An Affectionate Review
Joys and Perils of Live Performance
Here’s the first live release by (mostly) French nonet NINE SKIES, of a recording of their performance in 2019 at progressive rock festival, PROG EN BEAUCE. Held in a small-town venue in Pierres, France, this annual festival also featured MYSTERY, ALBION, and CLEPSYDRA, as well as NINE SKIES.
The album is being released as a digipak edition; at almost the same time the (now) nonet – with the addition of multi-instrumentalist/vocalist Moroccan Achraf Elasraoui– will release their acoustic album “5:20”.
On THIS Release
Here are the musicians:
Eric Bouillette: Guitars, piano, keyboards, violin, vocals, arrangements
Alexandre Lamia: Guitars, piano, arrangements, recording, mix, mastering
Anne Claire Rallo: Keyboards, lyrics
Aliénor Favier: Vocals
David Darnaud: Guitars
Laurent Benhamou: Saxophones (but unable to attend this concert)
Bernard Hery: Bass, and
Fab Galia: Drums
THIS iteration of the band comes across as a mixture of heavy progressive, symphonic progressive, and neo-progressive rock music.
There are many changes in mood, texture, key, tempo, and instrumentation, with mainly female vocals, and very occasional harmonies added- an area I’d like to have expanded.
It’s sophisticated and complex and musicianship is excellent, on a par with any progressive rock outfit I can think of.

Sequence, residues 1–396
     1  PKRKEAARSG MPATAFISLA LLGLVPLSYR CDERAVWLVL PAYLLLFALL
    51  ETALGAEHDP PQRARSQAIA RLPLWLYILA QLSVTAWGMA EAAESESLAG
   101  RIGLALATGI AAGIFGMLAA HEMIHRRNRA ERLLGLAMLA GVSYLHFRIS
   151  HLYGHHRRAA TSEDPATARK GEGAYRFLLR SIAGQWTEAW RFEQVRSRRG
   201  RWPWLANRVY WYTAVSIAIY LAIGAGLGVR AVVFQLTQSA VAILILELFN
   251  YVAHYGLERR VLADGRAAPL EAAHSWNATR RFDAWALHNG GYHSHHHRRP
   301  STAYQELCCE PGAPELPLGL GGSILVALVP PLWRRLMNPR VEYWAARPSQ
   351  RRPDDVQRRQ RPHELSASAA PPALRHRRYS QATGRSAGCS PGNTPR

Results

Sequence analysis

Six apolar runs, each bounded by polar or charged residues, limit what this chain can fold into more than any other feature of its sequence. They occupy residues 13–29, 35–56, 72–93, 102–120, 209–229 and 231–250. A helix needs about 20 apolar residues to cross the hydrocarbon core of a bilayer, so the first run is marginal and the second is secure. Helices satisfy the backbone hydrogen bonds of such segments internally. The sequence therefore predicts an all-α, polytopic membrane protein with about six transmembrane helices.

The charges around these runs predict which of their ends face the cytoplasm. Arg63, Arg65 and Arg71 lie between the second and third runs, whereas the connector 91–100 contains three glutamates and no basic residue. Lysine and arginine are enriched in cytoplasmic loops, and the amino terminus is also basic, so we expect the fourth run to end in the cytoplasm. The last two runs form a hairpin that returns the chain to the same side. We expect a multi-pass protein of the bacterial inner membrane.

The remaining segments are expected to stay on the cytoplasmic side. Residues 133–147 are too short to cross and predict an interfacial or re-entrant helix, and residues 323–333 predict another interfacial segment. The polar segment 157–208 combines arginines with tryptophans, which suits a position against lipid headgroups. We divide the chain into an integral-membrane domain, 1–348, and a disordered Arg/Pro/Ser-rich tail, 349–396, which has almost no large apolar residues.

In my humble opinion, there are actually eight songs, an intro that consists of intriguing keyboard sounds and rhythms drawing in the attentive and appreciative audience, two spoken tracks in French by band leader ERIC BOUILETTE, and a fairly unnecessary quartet of acoustic guitar/electric guitar snippets that were a tad sloppy and appeared possibly unrehearsed.
So for me, the actual meat of this album consists of the eight tracks from the two studio albums released by NINE SKIES. I’ll focus on those, and you can decide about the rest for yourself.
Burn My Brain
This track opens with a heavy progressive feel with the full band, soon joined by the gutsy female vocals of Aliénor Favier; and for me one of the highlights throughout this performance, the excellent drumming of Fab Galia. Eric’s characteristic expressive, melodic lead guitar was also a standout.
Meditative piano from Alexandre Lamia leads to some melodic guitar/piano revery, which is soon joined by hushed vocals. Not for the last time I thought I heard some slight intonation problems with guitar sounding flat.
The passage builds and there are more expressive solos from the guitarists, leading to a heavy passage, and now I think I hear some flat tones from the bass guitar. There is an uptempo section with nimble synthesizer, and agile rhythm section that usually works well together. Sometimes bass guitar gets overly busy, and works higher registers to some detriment since with seven members things can get muddy fast.
No doubt about it though, Bernard Hery can play, and play with exquisite precision.
Season of Greed